Brannavan Gnanalingam on… how the past can enlighten our future
Sri Lankan novelist, Anuk Arudpragasam’s novel, A Passage North was recently shortlisted for the Booker Prize. The protagonist in the book, Krishan, journeys from Colombo to the war-ravaged north of Sri Lanka, as he attends the cremation of his grandmother’s carer, Rani.
The novel comprises very long, flowing sentences – in which time, space, and memory become elusive. One thing that was particularly confronting was the way in which Arudpragasam uses distance. There is the obvious geographical distance between a war zone and the protagonists’ middle-class life in Colombo.
The biggest distance however existed between the characters’ experiences of the Civil War. Krishan’s somewhat academic response to the Civil War, and Rani’s direct experience of the horror, were almost irreconcilable. Krishan, despite his openness, was unable to truly comprehend what Rani had gone through. Without that direct experience, you can never really understand. And worse, like Krishan, you can simply turn off the television, or go home, elsewhere, once the journey is complete.
In direct contrast to the distance provided by A Passage North, I also recently read a couple of the 20th century’s most extraordinary accounts of horror. Jewish-Italian writer, Primo Levi’s If This Is a Man was a calm, devastating account of Levi’s incarceration in Auschwitz. In it, Levi sets out his observations on how people around him responded to the horror of the concentration camp, while also recounting the sheer luck that meant he survived whereas so many millions didn’t. He also, with utter precision, recounts the sheer destruction of the human spirit by the Nazis.
Levi wrote the memoir in the immediate aftermath of World War II, with his memories collected on train tickets and scraps of papers. He wrote with a moral imperative: that you must remember, bear witness, and make others remember that which they have not experienced. The book had little success upon its immediate release (its reputation taking some time to build), but it is clearly one of the most important books of the 20th century.
Similarly, Leningrad Under Siege by Ales Adamovich and Daniil Granin recounts the first year of the horrendous German/Finnish siege of Leningrad during the World War II. The historians edit (primarily) three ordinary citizens’ diaries, in which we see the growing starvation from the blockade, and the effects of a brutal winter. The siege lasted nearly three years, and it’s believed more than one million Leningrad civilians died in it. The food situation was so dire, that bread was largely made up of sawdust, and people resorted to eating wallpaper (due to the paste being made from potato starch), leather, pets, and dead bodies.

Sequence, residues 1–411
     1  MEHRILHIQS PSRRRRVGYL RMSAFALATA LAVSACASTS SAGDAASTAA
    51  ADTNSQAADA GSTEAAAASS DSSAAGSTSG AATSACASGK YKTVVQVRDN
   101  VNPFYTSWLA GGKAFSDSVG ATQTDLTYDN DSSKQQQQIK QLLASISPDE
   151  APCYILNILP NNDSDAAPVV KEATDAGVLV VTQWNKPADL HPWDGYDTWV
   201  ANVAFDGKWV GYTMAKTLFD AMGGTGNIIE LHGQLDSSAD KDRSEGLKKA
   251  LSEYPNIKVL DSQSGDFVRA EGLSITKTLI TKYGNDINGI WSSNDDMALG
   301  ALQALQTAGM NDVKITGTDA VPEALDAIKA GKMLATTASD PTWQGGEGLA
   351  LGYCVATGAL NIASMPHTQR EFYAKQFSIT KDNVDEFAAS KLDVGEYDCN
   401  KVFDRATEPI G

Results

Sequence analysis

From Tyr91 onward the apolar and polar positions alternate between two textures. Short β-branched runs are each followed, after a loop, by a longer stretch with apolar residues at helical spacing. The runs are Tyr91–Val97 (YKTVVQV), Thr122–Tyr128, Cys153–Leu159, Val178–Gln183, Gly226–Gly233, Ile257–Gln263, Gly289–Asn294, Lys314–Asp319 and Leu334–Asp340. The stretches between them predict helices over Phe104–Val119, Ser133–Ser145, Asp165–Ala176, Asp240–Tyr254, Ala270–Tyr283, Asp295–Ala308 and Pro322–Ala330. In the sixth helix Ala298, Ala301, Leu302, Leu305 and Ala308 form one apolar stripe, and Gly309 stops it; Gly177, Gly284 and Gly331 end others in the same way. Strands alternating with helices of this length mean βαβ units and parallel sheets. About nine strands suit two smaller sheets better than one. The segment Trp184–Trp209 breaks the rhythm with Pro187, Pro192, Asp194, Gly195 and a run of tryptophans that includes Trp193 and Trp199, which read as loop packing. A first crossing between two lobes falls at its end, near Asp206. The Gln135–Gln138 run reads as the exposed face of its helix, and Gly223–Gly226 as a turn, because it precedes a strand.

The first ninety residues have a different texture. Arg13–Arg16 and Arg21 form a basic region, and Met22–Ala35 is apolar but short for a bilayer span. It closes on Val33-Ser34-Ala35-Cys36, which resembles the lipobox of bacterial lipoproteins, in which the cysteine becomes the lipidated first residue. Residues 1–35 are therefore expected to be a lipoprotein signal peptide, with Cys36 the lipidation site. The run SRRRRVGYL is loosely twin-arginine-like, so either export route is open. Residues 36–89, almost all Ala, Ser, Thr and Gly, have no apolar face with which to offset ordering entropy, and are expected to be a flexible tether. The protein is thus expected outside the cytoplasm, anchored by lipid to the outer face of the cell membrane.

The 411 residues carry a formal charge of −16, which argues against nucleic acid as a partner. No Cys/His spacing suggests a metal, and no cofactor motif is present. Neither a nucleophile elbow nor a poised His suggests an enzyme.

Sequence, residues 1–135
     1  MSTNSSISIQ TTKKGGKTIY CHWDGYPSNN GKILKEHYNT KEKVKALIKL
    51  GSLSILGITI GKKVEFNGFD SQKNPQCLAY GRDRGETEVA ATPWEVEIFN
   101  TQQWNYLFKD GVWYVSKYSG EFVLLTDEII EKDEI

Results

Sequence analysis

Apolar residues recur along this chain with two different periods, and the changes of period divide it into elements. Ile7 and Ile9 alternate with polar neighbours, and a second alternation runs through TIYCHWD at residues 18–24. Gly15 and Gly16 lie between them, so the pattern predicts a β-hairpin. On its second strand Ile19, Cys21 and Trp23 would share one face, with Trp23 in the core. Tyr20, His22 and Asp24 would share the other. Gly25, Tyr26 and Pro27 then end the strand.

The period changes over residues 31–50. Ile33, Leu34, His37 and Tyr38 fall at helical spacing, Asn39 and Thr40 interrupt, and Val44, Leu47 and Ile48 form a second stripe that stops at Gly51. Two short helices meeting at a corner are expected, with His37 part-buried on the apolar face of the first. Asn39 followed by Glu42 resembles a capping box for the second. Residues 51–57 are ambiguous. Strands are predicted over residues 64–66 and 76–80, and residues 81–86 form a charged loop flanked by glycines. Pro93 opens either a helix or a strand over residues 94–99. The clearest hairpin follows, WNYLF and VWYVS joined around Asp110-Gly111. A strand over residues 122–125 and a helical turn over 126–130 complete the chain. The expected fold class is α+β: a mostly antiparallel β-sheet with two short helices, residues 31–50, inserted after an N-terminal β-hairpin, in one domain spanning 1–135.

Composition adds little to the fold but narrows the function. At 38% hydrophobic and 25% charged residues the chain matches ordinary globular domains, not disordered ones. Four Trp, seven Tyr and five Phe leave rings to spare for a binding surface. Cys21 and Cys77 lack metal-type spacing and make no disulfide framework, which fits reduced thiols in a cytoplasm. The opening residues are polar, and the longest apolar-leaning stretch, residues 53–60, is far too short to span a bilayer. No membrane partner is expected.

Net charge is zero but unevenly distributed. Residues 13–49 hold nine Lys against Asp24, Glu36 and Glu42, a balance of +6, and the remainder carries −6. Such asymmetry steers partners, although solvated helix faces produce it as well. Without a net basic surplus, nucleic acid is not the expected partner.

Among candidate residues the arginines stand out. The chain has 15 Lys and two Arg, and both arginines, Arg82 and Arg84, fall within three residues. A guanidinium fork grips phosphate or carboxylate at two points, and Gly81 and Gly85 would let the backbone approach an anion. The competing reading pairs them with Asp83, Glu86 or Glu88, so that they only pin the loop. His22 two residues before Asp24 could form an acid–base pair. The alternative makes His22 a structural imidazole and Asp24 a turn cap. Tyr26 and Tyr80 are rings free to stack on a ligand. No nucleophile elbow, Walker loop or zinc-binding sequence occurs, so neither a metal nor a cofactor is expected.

Adamovich was similarly of the view of the importance of testimony, and trying to capture voices in an unmediated state. Film buffs may recognize the name, as he wrote the astonishing Soviet war film, Come and See. He also became the mentor to one of my favourite writers, the Nobel Prize-winning Belarusian writer, Svetlana Alexievich. She creates astonishing oral histories of traumatic historical events such as Chernobyl (the basis for the television show), the Soviet invasion of Afghanistan and the World War II. Her first-hand accounts of historical events are must-reads.
History has always been a contested site. We know, for example, that the groundwork for totalitarian regimes comes from a misuse of history – politicians who evoke some glorious past (which never existed), and who then say, if you trust me, I’ll bring back that past. It’s easy to smooth out the complexity of history in favour of slogans and scapegoating.
You can see the distance evoked by Arudpragasam play out in a number of areas. The distance helps folk misuse history. This is evident in the spurious debates on what gets taught (and doesn’t get taught) in schools around the world – as if the past is too hard for our kids to learn about. Watching the anti-vaxx protest in Wellington the other day made me think, “you may have genuine concerns about getting vaccinated, but you’re also marching with people brandishing swastikas and Holocaust symbols.” It’s grifters co-opting the signs of the past to create a false sense of victimhood and/or simply, and cynically, use them to get some attention.
It can be confronting to examine the past. I could not help but feel a staggering sense of loss while reading the three books, and in particular when faced with the testimony of voices that are now long gone. A lot of it is ugly and heart-breaking. But it’s necessary. Otherwise, it becomes all too easy to ignore the continuing repercussions of the past on the structures of today. All that happens is we end up listening to those who show no interest in listening to anyone else.
– Brannavan Gnanalingam is a Sri Lankan born New Zealand author, who is also a practicing lawyer. This article was originally featured on stuff.co.nz